Tag Archives: Alice in Wonderland

Top 5 movie rabbits

With Easter approaching, it’s only right to remember the true meaning of the holiday – the time Jesus lived in a cave and turned a rabbit into wine. Naturally, that then got me thinking about film’s most iconic rabbits. Here’s my top 5…

5. White Rabbit – Alice in Wonderland

White RabbitThis is the little bastard who is basically responsible for Alice’s entire head trip. It’s his useless timekeeping that piques Alice’s interest and leads her to following him down the rabbit hole and into Wonderland. A servant to the King and Queen of Hearts, the White Rabbit pops up at various intervals throughout the film, perhaps most notably when Alice gets trapped in his house when she grows too big. In Tim Burton’s 2010 adaptation, he is known as Nivens McTwisp and is a member of the Underland Underground Resistance, sent by the Mad Hatter to find Alice – seriously, could Burton have got it more wrong?

Despite that, the White Rabbit (original 1951 version) is still one of the most enduring and intriguing characters ever to fret about not being on time.


4. Killer Rabbit of Caerbannog – Monty Python and the Holy Grail

The Killer Rabbit of CaerbannogOne of the most ferocious beasts to ever walk the Earth. Guarding the Cave of Caerbannog and the Black Beast within, this viscious killer has the ability to make even the bravest knights soil themselves. Luring King Arthur’s Knights of the Round Table into a false sense of security, the rabbit then procedes to maul and decapitate those foolish enough to confront it. Only the Holy Hand Grenade of Antioch is enough to finally slay the Vorpal Bunny, although it does make a return in Spamalot, seemingly making reincarnation perhaps its scariest characteristic.


3. Frank – Donnie Darko

Frank - Donnie DarkoFrank is one bad mother. Perhaps the most disturbing rabbit of all time, Frank reveals himself to troubled teenager Donnie Darko and tells him the world will end in precisely 28 days, 6 hours, 42 minutes and 12 seconds. Initially saving Donnie’s life by luring him out of his house moments before a jet engine crashes through it, Frank manipulates Donnie into committing a series of crimes, as well as confusing audiences as to the meaning behind this creepy-ass bunny. What is Frank? Who is Frank? Why is Frank? Anyone who claims they can satisfactorily answer all those questions is, quite frankly, a liar.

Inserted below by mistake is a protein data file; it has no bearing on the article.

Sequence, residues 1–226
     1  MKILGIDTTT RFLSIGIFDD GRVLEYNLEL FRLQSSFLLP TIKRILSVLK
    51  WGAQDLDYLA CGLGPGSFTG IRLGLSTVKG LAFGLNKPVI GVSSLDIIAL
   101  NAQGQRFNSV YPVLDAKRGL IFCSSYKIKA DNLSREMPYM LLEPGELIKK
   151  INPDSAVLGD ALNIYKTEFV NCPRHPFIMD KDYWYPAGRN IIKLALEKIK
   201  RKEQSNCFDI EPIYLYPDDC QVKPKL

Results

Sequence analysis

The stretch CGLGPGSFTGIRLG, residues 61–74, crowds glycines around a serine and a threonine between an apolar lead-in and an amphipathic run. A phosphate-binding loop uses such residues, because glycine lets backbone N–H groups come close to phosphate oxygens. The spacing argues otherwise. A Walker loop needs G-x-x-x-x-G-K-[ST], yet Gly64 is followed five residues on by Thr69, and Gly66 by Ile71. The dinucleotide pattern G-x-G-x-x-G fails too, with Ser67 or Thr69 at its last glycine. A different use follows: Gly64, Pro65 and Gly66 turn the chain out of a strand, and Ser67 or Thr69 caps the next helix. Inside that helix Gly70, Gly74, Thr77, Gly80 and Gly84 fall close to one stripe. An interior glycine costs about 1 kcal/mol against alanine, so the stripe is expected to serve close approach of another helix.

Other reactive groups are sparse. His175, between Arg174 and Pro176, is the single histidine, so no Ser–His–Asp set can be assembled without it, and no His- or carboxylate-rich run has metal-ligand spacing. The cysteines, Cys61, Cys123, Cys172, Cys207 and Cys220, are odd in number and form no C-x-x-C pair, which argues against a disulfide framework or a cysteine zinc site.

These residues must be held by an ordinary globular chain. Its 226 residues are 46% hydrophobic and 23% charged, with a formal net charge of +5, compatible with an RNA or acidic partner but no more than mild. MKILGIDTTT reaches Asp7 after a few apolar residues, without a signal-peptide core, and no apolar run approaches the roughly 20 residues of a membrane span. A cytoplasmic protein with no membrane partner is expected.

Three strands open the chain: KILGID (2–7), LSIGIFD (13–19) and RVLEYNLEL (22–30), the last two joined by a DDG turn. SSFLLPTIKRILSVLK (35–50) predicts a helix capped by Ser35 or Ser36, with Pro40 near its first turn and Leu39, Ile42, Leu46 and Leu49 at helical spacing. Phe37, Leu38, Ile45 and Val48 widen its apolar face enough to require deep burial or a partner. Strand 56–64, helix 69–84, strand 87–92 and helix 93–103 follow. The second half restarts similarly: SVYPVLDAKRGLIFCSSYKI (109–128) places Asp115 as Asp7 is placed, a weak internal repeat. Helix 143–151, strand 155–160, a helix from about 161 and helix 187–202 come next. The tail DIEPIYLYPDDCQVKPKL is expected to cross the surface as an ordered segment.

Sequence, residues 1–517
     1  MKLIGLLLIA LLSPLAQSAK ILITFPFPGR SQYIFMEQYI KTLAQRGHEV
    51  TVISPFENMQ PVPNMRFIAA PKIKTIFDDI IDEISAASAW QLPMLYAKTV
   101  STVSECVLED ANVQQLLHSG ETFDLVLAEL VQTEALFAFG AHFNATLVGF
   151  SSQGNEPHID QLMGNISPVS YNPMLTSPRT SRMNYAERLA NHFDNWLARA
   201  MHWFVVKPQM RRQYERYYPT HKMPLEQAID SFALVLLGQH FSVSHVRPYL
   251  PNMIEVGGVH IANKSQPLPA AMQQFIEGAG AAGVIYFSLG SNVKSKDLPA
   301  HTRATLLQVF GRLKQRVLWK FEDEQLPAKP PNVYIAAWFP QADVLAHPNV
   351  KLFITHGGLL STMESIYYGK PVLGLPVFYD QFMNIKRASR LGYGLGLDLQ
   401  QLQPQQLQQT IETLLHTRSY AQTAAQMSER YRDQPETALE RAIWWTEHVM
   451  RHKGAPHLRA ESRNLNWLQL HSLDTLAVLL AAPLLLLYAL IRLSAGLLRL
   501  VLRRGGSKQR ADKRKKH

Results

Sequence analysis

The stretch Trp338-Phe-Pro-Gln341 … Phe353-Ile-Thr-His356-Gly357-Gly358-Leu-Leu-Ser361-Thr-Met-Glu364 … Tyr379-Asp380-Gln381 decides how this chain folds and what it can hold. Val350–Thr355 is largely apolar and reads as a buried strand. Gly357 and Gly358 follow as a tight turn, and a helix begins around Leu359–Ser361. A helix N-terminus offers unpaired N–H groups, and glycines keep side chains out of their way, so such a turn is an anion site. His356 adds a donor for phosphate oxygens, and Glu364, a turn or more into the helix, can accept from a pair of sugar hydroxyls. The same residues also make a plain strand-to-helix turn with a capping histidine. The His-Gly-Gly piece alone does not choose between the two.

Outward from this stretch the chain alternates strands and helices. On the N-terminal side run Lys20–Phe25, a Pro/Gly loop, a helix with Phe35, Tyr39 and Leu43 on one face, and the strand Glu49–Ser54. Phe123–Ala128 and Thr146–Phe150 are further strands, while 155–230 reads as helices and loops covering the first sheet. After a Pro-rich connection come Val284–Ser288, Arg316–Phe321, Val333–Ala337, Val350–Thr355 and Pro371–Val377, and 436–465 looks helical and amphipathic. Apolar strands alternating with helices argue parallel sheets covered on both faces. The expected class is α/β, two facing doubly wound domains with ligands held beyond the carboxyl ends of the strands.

2. Whitey – Fatal Attraction

Bunny BoilerThe only dead rabbit on the list (let’s not get into the whole Frank getting shot thing, and yes I know the Killer Rabbit of Caerbannog gets blown to smithereens, but you know what I mean). This little rabbit has, unwittingly, coined a phrase that is now completely engrained in popular culture, and has led to many a man terminate a relationship in case their partner goes the way of ‘bunny boiler’ Glenn Close. So, what’s the lesson to be learned from Fatal Attraction? That’s right, don’t leave your pet rabbit alone with your bat-shit crazy mistress. Schoolboy.


1. Roger – Who Framed Roger Rabbit

Roger Rabbit

Without a doubt, the most iconic bunny ever to grace a cinema screen. Roger’s knack for screwing things up, his cartoon physics and the fact that he’s nailing the smoking hot Jessica Rabbit make him endearing to any and all who witness his hapless escapades. Stick him next to Bob Hoskins’ Eddie Valiant and you get what is essentially a buddy movie, but one with a smattering of some of the most famous toons ever created. Add to that Christopher ‘Doc’ Lloyd as the forebodingly named Judge Doom, and the reason why it’s acceptable to fancy a cartoon in Jessica, and you’ve got a winning formula. Who Framed Roger Rabbit (it’s not a typo, there is no question mark) broke all kinds of ‘rules’ with its mix of toons and real life characters, but it worked brilliantly, and few films since have created a world so obviously artificial yet so believable.

So, there we go, the top 5 movie rabbits. If you disagree and think we’ve missed a particular bunny out, then please let us know in the comments below.

Words: Chris Thomson

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